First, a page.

In many conversations with students, staff and faculty throughout the past year, it has become increasingly apparent that we must quickly and thoughtfully address the growing mental health and wellness needs of our students. Like so many young people today, students on our campus may experience mental health challenges – and we need to help them in a timely manner. We cannot expect students to do well academically, socially or spiritually and be successful at St. Thomas unless we make their health and wellness a priority.
We are responding in a way that will put the health and wellness of our students front and center while making St. Thomas an innovator in student well-being.
Thanks to the leadership of our Undergraduate Student Government (USG), we have hired additional counselors for this year. This will decrease the time a student in need must wait to see a counselor.
At the same time, we are developing a new Center for Well-Being to open in the fall of 2019. The center will integrate counseling, primary health services, wellness and violence prevention into one location. Students who seek help will be able to access both physical and mental health services in an integrated care setting, in a timely manner. The center will promote the health of mind, spirit and body to help our students become resilient learners and engaged members of our university community.
While I am grateful that we are working hard to meet the needs of our students and excited about the vision of the Center for Well-Being, this planning has included some difficult choices. After careful thought, we have chosen a location for the new center, and, because space on our St. Paul campus is constrained, this will require some changes. The current Child Development Center (CDC) will close at the end of this academic year and be renovated into the Center for Well-Being.
This was a very difficult decision. The CDC has done a wonderful job over the years developing children. We care deeply for the employees and families who use the CDC and certainly for the children who attend. We have made it a priority to give the employees, families and children adequate time to deal with this closure. A transition plan has been put in place to support those impacted. We have identified other child care options for families and are providing resources, including one month of free child care, to help with this transition. You can read more about the transition plans for the staff at the CDC and the families who are impacted by clicking here.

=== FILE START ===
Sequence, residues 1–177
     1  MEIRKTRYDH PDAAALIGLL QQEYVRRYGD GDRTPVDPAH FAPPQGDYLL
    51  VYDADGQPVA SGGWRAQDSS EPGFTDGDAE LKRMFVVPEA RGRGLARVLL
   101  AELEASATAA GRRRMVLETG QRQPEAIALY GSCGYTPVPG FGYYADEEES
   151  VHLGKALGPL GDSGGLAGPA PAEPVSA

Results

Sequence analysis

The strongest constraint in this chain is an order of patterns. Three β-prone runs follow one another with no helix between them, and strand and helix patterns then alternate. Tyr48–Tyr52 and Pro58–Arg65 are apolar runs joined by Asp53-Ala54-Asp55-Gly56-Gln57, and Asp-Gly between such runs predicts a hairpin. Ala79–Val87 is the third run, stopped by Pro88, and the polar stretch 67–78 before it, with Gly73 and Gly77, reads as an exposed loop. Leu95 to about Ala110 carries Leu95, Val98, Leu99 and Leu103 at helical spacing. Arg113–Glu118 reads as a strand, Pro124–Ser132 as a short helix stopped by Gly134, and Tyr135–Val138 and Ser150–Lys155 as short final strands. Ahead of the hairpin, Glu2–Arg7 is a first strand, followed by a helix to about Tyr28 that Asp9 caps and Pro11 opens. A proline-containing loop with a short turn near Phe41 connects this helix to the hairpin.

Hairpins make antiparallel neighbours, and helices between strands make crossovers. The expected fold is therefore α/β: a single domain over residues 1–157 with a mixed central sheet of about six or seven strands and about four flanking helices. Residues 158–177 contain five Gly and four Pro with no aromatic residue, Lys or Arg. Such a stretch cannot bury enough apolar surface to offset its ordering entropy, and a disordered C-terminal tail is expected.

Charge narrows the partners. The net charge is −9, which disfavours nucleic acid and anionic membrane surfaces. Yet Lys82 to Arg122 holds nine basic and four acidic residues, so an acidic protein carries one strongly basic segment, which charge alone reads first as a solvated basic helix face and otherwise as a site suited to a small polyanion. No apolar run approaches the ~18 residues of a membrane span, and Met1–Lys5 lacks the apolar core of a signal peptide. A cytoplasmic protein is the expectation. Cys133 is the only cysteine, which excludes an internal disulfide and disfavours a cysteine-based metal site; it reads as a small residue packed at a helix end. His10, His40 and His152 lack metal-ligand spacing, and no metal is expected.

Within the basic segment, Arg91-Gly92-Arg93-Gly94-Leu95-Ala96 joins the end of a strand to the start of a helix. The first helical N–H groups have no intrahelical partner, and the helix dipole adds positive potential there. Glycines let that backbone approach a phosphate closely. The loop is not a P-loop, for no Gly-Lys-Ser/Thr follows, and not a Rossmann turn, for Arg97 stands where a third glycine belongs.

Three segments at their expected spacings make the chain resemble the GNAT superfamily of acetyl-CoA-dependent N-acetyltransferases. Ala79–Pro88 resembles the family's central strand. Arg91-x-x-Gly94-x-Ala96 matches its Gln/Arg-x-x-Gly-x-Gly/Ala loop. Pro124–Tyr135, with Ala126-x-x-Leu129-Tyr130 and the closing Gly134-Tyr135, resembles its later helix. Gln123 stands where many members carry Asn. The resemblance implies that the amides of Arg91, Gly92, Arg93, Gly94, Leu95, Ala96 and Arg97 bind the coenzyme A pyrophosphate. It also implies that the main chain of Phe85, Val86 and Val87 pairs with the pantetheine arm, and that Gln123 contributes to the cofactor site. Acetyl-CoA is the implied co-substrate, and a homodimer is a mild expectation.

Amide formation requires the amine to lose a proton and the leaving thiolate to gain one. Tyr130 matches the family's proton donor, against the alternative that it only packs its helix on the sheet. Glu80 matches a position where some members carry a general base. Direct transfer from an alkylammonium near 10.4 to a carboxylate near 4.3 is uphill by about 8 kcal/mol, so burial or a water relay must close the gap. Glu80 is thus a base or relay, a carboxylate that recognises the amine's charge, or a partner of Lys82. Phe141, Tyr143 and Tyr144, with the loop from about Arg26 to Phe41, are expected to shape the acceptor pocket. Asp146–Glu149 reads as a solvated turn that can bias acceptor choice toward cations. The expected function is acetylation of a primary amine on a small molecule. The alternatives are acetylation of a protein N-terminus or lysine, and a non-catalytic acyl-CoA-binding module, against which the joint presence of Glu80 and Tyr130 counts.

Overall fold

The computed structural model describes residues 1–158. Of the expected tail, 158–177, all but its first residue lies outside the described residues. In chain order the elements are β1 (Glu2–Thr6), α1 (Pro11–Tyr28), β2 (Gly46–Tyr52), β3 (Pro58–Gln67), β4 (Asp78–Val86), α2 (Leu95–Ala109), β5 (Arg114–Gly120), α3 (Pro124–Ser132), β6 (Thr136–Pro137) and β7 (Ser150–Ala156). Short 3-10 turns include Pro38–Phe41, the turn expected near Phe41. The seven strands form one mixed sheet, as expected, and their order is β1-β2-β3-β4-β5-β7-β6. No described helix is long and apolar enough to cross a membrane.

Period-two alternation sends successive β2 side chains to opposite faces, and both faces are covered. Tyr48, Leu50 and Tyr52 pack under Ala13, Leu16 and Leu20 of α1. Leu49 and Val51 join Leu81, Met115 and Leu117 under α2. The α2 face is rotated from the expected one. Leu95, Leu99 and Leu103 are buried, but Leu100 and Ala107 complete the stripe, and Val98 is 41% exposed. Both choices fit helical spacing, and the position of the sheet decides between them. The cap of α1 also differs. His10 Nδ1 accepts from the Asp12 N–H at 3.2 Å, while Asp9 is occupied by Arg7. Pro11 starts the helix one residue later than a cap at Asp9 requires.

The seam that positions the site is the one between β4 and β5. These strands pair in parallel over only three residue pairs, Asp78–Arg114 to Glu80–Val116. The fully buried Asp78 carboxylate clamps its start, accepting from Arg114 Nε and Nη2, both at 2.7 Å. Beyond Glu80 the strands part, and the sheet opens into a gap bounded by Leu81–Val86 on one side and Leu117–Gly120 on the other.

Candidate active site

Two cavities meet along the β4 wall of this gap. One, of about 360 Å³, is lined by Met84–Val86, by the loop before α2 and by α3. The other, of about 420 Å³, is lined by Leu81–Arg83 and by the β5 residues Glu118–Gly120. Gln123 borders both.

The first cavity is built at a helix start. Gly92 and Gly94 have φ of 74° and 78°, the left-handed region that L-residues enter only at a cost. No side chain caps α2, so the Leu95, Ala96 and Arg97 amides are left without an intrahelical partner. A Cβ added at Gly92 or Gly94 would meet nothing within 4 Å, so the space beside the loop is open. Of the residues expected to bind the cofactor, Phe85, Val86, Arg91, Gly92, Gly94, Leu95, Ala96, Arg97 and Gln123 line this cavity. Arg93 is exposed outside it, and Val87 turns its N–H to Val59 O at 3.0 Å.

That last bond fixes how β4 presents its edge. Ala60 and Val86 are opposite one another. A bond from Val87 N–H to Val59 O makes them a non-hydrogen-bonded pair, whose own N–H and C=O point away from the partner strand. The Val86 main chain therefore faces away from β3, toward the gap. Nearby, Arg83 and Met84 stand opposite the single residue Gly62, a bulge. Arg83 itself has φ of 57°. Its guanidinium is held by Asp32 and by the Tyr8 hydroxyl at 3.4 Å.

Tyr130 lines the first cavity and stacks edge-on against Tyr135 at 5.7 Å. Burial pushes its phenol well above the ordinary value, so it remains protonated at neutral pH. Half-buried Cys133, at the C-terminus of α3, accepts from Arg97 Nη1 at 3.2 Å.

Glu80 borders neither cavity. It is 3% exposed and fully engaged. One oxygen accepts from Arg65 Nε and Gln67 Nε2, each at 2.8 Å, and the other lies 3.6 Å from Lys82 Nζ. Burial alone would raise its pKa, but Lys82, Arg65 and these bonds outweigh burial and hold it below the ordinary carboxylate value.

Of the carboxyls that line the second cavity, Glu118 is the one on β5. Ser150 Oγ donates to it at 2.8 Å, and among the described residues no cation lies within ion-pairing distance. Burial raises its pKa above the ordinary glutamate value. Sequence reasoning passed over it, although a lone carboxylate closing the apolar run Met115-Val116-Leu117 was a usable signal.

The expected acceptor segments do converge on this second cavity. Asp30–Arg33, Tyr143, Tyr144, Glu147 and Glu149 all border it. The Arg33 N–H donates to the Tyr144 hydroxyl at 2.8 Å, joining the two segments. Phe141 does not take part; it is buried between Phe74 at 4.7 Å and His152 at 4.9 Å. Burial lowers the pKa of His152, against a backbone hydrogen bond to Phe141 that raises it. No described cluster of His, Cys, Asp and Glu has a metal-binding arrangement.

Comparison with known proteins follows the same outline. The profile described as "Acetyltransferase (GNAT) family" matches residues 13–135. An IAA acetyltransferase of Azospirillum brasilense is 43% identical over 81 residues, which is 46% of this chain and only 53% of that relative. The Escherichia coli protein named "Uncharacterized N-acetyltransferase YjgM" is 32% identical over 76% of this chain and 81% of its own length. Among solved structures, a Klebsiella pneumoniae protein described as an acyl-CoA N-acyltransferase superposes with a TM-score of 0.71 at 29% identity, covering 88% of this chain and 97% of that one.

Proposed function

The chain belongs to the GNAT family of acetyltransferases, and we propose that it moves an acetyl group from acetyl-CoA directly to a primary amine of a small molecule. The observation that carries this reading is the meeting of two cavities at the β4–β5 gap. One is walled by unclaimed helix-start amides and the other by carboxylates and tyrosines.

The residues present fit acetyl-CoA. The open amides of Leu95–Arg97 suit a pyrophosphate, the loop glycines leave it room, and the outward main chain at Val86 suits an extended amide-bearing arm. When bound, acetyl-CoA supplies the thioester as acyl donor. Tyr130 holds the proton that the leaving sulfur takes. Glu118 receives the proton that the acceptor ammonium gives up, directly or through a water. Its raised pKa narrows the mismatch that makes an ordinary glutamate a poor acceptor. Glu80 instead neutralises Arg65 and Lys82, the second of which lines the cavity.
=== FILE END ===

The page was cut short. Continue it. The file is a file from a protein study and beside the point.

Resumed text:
Affordable child care is a concern for many employees at St. Thomas; however, the CDC currently serves only a handful of employees and students with child care needs. As of today, fewer than 1 percent of our employees use the CDC for child care. As we continue to address the impact of the CDC closure, we also are exploring how St. Thomas can better help more employees with affordable child care needs. As a start, we have entered into an agreement with New Horizon Academy to provide all university full-time and part-time employees a 10 percent discount for child care at any New Horizon location. This discount applies even if these employees use New Horizon today. In addition, New Horizon will provide a discounted backup child care rate for any employees even if they do not use New Horizon as their primary child care provider. In the longer term, we also will pursue opportunities for child care on or near campus that will be available to more employees.
This was a thoughtful decision process, and I am grateful for the work that is being done to help the employees at the CDC and the families and children who use the CDC. We are putting the needs of our students and their mental health as a top priority and shifting our child care focus to one providing better access to more employees. I am confident that this is the right decision for our campus community.